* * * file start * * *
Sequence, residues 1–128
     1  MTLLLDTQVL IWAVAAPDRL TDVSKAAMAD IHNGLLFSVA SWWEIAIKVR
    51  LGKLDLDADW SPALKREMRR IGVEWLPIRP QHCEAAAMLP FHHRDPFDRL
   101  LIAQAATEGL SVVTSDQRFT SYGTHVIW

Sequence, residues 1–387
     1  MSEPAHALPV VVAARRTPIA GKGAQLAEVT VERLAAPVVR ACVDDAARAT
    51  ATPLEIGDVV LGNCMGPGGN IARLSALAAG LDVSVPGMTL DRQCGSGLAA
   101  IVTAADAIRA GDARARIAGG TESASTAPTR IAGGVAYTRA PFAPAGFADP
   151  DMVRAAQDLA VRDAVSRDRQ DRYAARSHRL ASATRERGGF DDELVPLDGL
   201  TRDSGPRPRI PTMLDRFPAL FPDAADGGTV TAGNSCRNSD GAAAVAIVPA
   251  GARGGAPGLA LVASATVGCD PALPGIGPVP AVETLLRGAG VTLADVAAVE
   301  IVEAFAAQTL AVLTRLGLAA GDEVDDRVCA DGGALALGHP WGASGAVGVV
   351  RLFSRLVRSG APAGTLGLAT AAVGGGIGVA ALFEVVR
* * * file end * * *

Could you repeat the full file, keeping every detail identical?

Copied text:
Sequence, residues 1–128
     1  MTLLLDTQVL IWAVAAPDRL TDVSKAAMAD IHNGLLFSVA SWWEIAIKVR
    51  LGKLDLDADW SPALKREMRR IGVEWLPIRP QHCEAAAMLP FHHRDPFDRL
   101  LIAQAATEGL SVVTSDQRFT SYGTHVIW

Sequence, residues 1–387
     1  MSEPAHALPV VVAARRTPIA GKGAQLAEVT VERLAAPVVR ACVDDAARAT
    51  ATPLEIGDVV LGNCMGPGGN IARLSALAAG LDVSVPGMTL DRQCGSGLAA
   101  IVTAADAIRA GDARARIAGG TESASTAPTR IAGGVAYTRA PFAPAGFADP
   151  DMVRAAQDLA VRDAVSRDRQ DRYAARSHRL ASATRERGGF DDELVPLDGL
   201  TRDSGPRPRI PTMLDRFPAL FPDAADGGTV TAGNSCRNSD GAAAVAIVPA
   251  GARGGAPGLA LVASATVGCD PALPGIGPVP AVETLLRGAG VTLADVAAVE
   301  IVEAFAAQTL AVLTRLGLAA GDEVDDRVCA DGGALALGHP WGASGAVGVV
   351  RLFSRLVRSG APAGTLGLAT AAVGGGIGVA ALFEVVR